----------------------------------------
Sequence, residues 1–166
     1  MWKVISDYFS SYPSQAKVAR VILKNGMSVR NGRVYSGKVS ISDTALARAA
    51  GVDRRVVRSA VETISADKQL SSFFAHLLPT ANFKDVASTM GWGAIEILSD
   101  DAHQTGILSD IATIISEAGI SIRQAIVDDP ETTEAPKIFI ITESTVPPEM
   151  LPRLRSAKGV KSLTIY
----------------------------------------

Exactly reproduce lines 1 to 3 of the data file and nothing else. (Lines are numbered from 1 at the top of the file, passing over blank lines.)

Sequence, residues 1–166
     1  MWKVISDYFS SYPSQAKVAR VILKNGMSVR NGRVYSGKVS ISDTALARAA
    51  GVDRRVVRSA VETISADKQL SSFFAHLLPT ANFKDVASTM GWGAIEILSD